highly
on
most
of
our
brand
intangible
asset
supporting
criteria.
Most
brands
in
LVMH’s
portfolio
are
at
least
100
years
old.

The
flagship
Louis
Vuitton
brand
is
among
the
best
known
and
recognised
luxury
brands
with
strong
market
share
(double
the
next
biggest
peer
in
leather
goods
according
to
Euromonitor)
and
a
strong
track
record
of
pricing
power.
The
brand
generates
around
three
fourths
of
its
revenue
from
iconic
bags
and
low-double-digit
percentages
in
accessories,
where
product
cycles
are
long
(reducing
product
and
fashion
risks
and
encouraging
people
to
spend
more
for
a
product
they
will
use
longer),
and
scale
allows
to
generate
very
attractive
margins
(usually
in
excess
of
40%).
Recurring
buyers
represent
around
a
half
of
Louis
Vuitton’s
revenue,
somewhat
reducing
revenue
cyclicality.

LVMH’s
portfolio
of
watch
brands
is
made
up
of
midrange
and
high-end
brands,
with
average
prices
of
€2,000
and
up.
LVMH
also
has
a
strong
position
in
branded
jewelry
with
the
Bulgari
and
Tiffany
brands,
which
is
among
the
leading
players
in
the
industry,
where
we
consider
entry
barriers
to
be
higher
than
other
luxury
goods,
thanks
to
the
high
value
attached
to
raw
materials,
low
availability
to
communicate
the
brand,
stickier
gifting
demand,
and
need
for
quality
assurance
on
the
top
end.

In
perfumes
and
cosmetics,
LVMH
has
around
10%
global
market
share,
with
a
strong
heritage
in
fragrances
(notably
Christian
Dior
and
Guerlain).
In
wines
and
spirits,
it
commands
leading
market
share
in
attractive
conspicuous
niches.
It
has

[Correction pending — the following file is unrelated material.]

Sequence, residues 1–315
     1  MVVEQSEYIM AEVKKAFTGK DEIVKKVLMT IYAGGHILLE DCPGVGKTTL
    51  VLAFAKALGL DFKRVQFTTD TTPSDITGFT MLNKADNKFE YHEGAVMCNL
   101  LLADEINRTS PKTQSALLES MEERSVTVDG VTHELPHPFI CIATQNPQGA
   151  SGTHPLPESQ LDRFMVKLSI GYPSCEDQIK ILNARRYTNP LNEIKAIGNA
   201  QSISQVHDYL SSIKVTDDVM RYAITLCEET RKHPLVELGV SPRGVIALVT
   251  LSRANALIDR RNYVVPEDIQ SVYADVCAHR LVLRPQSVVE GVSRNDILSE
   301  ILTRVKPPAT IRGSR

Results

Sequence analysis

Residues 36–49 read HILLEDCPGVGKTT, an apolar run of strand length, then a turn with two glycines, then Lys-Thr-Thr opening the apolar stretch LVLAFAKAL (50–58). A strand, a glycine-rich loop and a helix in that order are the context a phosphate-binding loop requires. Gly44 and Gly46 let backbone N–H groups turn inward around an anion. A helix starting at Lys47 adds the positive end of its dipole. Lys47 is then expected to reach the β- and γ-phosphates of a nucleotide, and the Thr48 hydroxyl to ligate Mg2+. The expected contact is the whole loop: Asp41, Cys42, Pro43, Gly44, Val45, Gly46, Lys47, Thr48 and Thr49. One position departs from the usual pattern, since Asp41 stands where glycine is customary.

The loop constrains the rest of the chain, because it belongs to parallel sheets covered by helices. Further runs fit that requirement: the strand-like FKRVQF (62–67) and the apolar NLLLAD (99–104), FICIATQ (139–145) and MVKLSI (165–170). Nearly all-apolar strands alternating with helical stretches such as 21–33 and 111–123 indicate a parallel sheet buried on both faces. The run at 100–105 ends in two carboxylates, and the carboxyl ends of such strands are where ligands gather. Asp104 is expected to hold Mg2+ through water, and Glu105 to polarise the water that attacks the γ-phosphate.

over
20%
global
and
30%
export
market
share
in
Champagnes
with
such
brands
as
Moët
&
Chandon,
Dom
Perignon,
and
Ruinart,
and
it
has
undisputed
global
leadership
(half
of
the
market)
in
cognacs
with
flagship
Hennessy.

Risks
and
Uncertainty

We
assign
LVMH
a
Morningstar
Uncertainty
Rating
of
Medium.
Luxury
goods
growth
over
the
past
15
years
has
been
fueled
by
emerging
markets
demand
linked
to
China’s
economic
development.
This
makes
industry
growth
vulnerable
to
future
structural
and
cyclical
growth
in
this
region.

Recent
growth
for
Louis
Vuitton
has
been
spectacular
(doubling
in
revenue
from
2018
to
2022
from
around
€10
billion
to
around
€20
billion)
and
faster
than
its
historical
pace,
thanks
to
favorable
cyclical
demand
environment,
brand
investments,
pricing,
and
strong
brand
momentum.
Slower
demand
for
luxury
goods
overall
and
an
adverse
fashion
cycle
could
further
limit
the
brand’s
growth
on
an
increasingly
challenging
comparison
base.

Deceleration
of
demand
from
European
and
American
customers,
who
spent
record
amounts
on
luxury
in
the
years
since
Covid-19,
was
helped
by
savings
from
foregone
experience
spending,
solid
asset
markets,
and
payment
checks
in
the
US
Chinese
demand,
dampened
by
weak
real
estate
prices
and
slower
GDP
growth,
may
not
compensate
for
this
slowdown.

While
the
firm’s
overall
record
of
mergers
and
acquisitions
is
quite
successful,
in
our
view,
there
remains
a
risk
of
overpaying
or
choosing
a
target
poorly.
Acquisitions
can
also
drift
the
group
into
less
moaty
and
more
competitive
areas.

A
large
portion
of
production
and
administrative
costs
is
incurred
in
euros,
while
almost
80%
of
revenue
is
invoiced
in
other
currencies.
In
addition,
given
the
global
pricing
transparency
that
the
internet
has
made
possible,
adjusting
pricing
for
currency
movements
has
become
more
challenging.
While
LVMH
has
historically
been
able
to
pass
through
currency-related
cost
increases
to
consumers,
this
may
prove
more
difficult
in
a
weaker
demand
situation.